Dish Network subscribers are no longer receiving signals from stations owned by Tegna via satellite because of a retransmission consent rate dispute.
Dish said 38 markets in 33 states an the District of Columbia were affected. One station still on satellite was WLTX-TV in Columbia, S.C., where an extension was granted so that residents could continue to receive information on flooding in the area.
The two sides pointed fingers at each other for causing the blackout.
“With Dish willing to grant an extension and a retroactive true-up on rates, Tegna had nothing to lose and consumers had everything to gain by leaving the channels up,” said Warren Schlichting, Dish senior VP of programming. “Instead, Tegna chose to turn its back on its public interest obligations and use innocent consumers as bargaining chips.”
“Tegna has worked hard over the course of months to reach a deal with Dish. Our position has been simple: the same fundamental terms that allowed us to reach deals with distributors nationwide should serve as the basis for our deal with Dish, Tegna said in a statement.
“Rather than accepting that fair, market-based approach, Dish has refused to reach an agreement and once again is preventing its customers from accessing valued channels, even as customers continue to pay for that content. Despite Dish repeated efforts to blame programmers, the record is crystal clear – Dish is a serial dropper of channels. It has been responsible for the largest broadcast blackout in history and routinely drops valued cable and broadcast channels. Tegna, on the other hand, has never been in this position before because we have always been able to reach fair agreements with distributors without disrupting our viewers,” the Tegna statement said.
Dish said that it and Tegna had been making progress in the negotiations. “In that spirit, Dish offered a short-term contract extension to Tegna that would include a retroactive true-up when new rates were agreed upon, and would preserve the ability of Dish customers to access the Tegna local stations while negotiations continued. The true-up would ensure that Tegna was made whole at the new rates for the period of any contract extension,” according to Dish. “We are actively working to negotiate an agreement that promptly returns this content to DISH’s programming lineup,” Dish’s Schlichting said.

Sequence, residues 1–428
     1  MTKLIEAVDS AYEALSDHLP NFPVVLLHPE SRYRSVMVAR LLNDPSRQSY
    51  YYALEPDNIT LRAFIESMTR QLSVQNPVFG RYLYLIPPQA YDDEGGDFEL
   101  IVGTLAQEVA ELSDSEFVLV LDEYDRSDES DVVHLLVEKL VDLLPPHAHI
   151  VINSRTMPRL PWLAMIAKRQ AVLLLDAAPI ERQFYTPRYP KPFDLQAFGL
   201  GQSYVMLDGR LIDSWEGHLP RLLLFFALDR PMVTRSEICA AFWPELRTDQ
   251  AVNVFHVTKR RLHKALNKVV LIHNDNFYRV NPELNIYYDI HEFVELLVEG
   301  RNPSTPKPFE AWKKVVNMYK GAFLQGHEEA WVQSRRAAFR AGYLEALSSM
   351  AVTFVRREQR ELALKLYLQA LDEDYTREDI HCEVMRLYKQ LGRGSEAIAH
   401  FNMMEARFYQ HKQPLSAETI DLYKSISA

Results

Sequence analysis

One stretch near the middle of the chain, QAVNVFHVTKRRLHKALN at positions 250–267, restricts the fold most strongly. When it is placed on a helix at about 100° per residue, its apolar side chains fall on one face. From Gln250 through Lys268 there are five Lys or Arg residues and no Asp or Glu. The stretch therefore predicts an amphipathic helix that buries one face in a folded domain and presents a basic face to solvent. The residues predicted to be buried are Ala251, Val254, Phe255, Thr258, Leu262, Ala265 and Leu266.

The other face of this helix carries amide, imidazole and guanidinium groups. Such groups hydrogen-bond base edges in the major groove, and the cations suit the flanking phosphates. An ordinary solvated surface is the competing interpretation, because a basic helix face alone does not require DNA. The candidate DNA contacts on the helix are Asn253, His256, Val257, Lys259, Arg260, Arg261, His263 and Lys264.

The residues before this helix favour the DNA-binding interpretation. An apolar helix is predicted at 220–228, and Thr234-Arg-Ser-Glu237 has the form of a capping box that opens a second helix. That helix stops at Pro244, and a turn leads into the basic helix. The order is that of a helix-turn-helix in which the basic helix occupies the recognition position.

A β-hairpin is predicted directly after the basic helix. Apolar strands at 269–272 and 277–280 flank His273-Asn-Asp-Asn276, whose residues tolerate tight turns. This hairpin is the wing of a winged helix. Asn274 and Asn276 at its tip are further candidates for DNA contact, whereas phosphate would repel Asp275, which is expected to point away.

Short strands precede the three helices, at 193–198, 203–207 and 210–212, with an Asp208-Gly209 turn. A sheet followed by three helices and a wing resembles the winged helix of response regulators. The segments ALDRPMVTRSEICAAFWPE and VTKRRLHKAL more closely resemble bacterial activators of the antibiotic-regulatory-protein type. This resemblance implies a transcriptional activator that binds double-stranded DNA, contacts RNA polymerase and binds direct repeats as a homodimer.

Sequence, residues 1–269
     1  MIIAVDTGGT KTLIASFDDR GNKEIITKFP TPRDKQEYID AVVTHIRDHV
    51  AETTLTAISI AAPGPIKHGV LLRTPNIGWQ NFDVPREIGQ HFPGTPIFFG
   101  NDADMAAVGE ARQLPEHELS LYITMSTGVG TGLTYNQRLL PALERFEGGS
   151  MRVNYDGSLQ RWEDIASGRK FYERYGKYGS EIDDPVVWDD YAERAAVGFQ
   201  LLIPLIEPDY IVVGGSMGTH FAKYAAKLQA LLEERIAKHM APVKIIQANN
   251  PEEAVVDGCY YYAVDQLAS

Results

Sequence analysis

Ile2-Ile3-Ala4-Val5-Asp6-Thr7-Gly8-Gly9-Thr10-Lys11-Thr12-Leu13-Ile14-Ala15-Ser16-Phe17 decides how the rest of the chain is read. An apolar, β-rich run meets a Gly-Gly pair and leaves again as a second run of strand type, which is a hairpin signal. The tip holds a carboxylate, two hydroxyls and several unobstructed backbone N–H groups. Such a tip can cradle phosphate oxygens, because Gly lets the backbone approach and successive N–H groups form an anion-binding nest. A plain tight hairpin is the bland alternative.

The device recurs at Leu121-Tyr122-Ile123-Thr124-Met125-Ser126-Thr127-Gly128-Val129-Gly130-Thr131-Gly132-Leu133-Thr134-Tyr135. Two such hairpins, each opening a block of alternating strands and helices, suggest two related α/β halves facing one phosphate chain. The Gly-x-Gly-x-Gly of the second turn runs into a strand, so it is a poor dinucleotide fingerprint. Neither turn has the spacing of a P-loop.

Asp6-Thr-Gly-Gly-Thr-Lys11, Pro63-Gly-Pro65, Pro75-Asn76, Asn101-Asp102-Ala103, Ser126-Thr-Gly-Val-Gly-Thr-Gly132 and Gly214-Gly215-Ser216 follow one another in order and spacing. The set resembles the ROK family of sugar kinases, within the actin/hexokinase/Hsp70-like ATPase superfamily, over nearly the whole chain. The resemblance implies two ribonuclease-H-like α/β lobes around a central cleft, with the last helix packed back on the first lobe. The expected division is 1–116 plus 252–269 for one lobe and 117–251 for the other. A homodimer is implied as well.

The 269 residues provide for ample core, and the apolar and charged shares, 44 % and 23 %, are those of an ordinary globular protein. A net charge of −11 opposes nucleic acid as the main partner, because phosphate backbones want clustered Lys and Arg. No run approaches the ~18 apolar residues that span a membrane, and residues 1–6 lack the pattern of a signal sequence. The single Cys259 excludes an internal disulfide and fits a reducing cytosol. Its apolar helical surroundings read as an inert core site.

Dish also used the blackout as to call for government action.
“Tegna’s decision to cut ties with Dish customers is a prime example of why Washington needs to stand up for consumers and end local channel blackouts,” said R. Stanton Dodge, Dish executive VP and general counsel. “Broadcasters like Tegna use their in-market monopoly power to put profits ahead of the public interests they are supposed to serve.”
Broadcasters currently prevent pay-TV companies from temporarily substituting an out-of-market station during a local broadcaster blackout. This leaves consumers in the dark and leaves pay-TV companies powerless to serve their customers, the Dish executive said.
“Actions like these are precisely the reason that Congress has mandated, and the FCC has started, a formal process to investigate negotiating tactics that use innocent consumers as bargaining chips,” said Dodge
Jon has been business editor of Broadcasting+Cable since 2010. He focuses on revenue-generating activities, including advertising and distribution, as well as executive intrigue and merger and acquisition activity. Just about any story is fair game, if a dollar sign can make its way into the article. Before B+C, Jon covered the industry for TVWeek, Cable World, Electronic Media, Advertising Age and The New York Post. A native New Yorker, Jon is hiding in plain sight in the suburbs of Chicago.
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